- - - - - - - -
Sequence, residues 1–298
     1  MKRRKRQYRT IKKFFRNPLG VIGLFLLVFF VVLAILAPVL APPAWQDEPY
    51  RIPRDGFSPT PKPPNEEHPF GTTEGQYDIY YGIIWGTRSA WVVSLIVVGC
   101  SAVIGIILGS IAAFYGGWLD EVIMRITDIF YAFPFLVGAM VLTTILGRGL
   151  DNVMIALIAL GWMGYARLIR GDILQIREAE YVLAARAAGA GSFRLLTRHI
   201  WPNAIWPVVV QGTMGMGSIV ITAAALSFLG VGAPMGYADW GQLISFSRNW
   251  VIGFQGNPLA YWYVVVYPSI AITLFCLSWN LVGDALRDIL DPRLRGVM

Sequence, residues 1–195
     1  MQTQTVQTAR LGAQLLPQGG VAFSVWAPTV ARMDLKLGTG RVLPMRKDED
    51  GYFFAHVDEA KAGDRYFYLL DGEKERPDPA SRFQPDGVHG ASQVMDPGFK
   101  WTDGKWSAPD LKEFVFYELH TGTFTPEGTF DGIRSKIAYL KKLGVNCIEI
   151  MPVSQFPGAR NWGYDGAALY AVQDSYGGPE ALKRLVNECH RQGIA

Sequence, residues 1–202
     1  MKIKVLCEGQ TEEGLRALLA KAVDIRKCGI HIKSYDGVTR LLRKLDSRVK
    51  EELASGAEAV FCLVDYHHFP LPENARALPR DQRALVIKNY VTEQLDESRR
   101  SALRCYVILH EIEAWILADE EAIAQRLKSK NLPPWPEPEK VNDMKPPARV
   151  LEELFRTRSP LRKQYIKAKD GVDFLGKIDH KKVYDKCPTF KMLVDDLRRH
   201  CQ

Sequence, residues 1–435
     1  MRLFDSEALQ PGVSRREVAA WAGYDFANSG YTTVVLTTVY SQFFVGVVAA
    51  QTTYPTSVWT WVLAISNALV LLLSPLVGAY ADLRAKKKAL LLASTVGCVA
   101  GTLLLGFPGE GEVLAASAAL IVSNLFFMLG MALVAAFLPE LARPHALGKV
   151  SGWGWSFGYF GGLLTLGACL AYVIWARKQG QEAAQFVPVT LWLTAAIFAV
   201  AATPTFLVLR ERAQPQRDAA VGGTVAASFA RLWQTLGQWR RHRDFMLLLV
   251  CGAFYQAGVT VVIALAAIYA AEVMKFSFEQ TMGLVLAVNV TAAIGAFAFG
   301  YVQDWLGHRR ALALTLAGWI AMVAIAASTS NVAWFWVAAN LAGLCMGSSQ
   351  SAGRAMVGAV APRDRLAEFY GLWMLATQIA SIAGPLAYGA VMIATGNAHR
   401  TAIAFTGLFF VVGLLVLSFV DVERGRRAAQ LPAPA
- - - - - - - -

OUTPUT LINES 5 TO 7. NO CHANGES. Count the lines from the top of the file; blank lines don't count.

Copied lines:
   151  DNVMIALIAL GWMGYARLIR GDILQIREAE YVLAARAAGA GSFRLLTRHI
   201  WPNAIWPVVV QGTMGMGSIV ITAAALSFLG VGAPMGYADW GQLISFSRNW
   251  VIGFQGNPLA YWYVVVYPSI AITLFCLSWN LVGDALRDIL DPRLRGVM